Monday, May 7, 2012

Footprint Lab: Playing and Designing Methods

In my attempt to do a lab resembling earth science, this week in my middle school science lab, we did a "Footprint and Tracking" lab  This allowed me to play with various  "fossil" dough recipes, but more about that in a minute. Here is a link to the student lab handout.

I wrote the prelab section as a way to get students thinking about evidence and to make sure they understand the difference between observations and inferences. Observations are what we can record about what we see, hear, smell, touch, and taste. (Usually taste doesn't apply.) Inferences are how we interpret our observations. During discussion I give statements and have students guess if it is an observation or an inference. Then they are ready to study the graphic below. It shows 2 sets of footprints and they are to list ONLY observations. I encourage them to state the obvious, without providing any inferences. 

So our list looked like this. (I labeled the larger prints as subject A; and the smaller prints as subject B.)
a) There are 2 sets of animal tracks.
b) Both sets of prints come from the North moving in a southward direction; the larger came from the northwest, the smaller from the northeast.
c) Subject's A's prints are further apart just before the 2 paths cross.
d) Subject's B's prints are further apart just after the 2 paths cross.
e) The subjects tracks overlap in the center and move around in a circular pattern.
f) Animal A's prints leave the scene in a southwestern direction.
g) Animal B's prints disappear.

The next prelab question asks students, "Is there information missing? What other observations would you like to have to better analyze what happened at the scene?" The point here is to make sure students understand that the prints are only ONE piece of data that might be left at a scene. And interpreting the footprints in isolation without looking at any other data will mostly likely lead to incorrect conclusions. Student answers usually include: Out deep the prints are in the soil/sand/mud? More about the environment, trees? bushes? Is there evidence of a struggle, like feathers, blood, or a carcass? When were each of the prints made; at the same time or at different times? The last prelab question asks students to tell a story of what they think happened based on their observations.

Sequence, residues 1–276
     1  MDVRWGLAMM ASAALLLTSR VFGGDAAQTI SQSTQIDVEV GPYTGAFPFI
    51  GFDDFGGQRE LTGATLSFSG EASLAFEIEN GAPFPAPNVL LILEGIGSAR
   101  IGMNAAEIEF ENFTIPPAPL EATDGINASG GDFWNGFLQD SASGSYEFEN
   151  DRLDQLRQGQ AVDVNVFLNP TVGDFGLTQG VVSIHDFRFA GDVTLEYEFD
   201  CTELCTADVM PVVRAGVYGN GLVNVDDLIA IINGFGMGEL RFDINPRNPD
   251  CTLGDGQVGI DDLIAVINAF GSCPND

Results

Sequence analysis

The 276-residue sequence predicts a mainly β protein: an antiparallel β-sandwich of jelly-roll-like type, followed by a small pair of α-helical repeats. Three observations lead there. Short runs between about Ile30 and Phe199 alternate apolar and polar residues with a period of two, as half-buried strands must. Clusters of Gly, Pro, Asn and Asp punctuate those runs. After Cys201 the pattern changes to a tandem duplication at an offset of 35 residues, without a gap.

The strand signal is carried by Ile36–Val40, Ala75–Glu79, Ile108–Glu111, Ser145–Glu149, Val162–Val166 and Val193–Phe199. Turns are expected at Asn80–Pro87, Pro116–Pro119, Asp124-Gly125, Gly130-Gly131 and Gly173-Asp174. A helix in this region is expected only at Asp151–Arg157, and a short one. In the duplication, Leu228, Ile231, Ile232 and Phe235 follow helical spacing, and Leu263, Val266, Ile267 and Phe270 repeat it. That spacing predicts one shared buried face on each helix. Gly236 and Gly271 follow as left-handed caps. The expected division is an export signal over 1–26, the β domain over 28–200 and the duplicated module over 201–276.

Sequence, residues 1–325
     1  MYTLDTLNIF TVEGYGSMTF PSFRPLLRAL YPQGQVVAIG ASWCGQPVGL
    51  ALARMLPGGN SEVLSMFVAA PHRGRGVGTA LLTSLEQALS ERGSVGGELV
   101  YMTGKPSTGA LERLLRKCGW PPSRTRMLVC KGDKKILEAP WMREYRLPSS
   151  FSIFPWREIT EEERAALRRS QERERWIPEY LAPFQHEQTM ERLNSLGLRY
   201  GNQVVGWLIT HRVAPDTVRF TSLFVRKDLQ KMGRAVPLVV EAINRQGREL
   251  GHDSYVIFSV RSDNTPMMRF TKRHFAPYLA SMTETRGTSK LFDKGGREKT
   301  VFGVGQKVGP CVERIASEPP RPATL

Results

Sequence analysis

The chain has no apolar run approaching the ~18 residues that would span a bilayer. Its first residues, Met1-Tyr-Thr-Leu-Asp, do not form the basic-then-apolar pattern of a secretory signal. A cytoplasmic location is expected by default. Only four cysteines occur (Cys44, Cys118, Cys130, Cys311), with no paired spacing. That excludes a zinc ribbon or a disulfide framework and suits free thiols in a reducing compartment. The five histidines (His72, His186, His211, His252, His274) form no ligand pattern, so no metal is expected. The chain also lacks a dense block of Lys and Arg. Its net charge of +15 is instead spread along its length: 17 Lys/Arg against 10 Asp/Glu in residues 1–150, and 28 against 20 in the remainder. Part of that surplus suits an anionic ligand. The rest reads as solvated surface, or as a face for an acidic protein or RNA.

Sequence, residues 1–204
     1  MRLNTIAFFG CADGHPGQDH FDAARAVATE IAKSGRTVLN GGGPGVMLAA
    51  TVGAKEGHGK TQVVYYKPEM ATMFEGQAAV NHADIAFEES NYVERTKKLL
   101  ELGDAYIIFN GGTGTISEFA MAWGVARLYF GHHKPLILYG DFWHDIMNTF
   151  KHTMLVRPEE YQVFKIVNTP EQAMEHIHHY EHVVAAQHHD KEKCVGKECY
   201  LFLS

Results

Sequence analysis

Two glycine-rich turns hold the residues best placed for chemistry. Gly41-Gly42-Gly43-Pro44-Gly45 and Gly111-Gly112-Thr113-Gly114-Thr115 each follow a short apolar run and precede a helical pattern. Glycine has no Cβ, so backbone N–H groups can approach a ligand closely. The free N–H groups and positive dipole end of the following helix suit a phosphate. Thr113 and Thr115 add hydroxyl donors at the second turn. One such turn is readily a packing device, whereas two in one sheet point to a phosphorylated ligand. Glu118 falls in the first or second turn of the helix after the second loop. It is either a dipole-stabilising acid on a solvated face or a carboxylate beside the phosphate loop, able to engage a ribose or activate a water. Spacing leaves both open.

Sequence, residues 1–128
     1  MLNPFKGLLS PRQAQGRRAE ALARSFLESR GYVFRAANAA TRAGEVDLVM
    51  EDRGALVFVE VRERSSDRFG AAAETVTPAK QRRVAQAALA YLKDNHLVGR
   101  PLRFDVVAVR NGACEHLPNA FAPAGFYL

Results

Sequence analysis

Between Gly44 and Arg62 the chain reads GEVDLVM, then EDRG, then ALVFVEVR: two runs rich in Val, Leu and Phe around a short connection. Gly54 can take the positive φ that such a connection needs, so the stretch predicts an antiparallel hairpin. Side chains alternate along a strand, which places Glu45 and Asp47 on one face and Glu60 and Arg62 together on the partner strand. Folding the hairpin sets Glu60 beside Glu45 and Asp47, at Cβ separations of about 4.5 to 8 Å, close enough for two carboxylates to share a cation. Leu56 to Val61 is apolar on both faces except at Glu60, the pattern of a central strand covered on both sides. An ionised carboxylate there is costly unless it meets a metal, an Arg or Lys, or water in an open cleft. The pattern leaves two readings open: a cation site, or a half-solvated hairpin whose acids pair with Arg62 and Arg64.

The hands-on portion of the lab is intended to allow students to play. Their task is "to figure out it is you can determine about a subject by studying its footprint." I set out a bunch of supplies and just let them play. My materials were:

  • clay
  • coffee dough & flour (see recipe below)
  • shoes
  • play animals
  • weights (small rocks)
  • white school glue
  • scale/balance
  • rulers
  • protractors
  • tin foil & tin pans
 Recipe for coffee dough: (I made mine the night before and kept it at room temperature. It was a little soupy, so I had flour for the students to knead into it.)

Mix together 
  • 1 cup flour
  • 1/2 cup salt
  • 1 cup used coffee grounds
  • 1/2 cup cold, leftover coffee
Mix all ingredients together, and knead extra flour into the mixture to give it a doughy texture. Press into pans and make fossil imprints. Can let air dry, or bake in an oven on 200 for 20-30 minutes. 

As you can see, I tried this at home with my son before having my middle school and high school science class do the experiment; that is how Lego guys got into the mix. 

Before students got to play with the materials, they were to pick a characteristic of a track/footprint that they would want to test. For example, maybe they believed that they might be able to tell how much the subject weighs, or whether the subject was walking or running. Then they just pick one to test.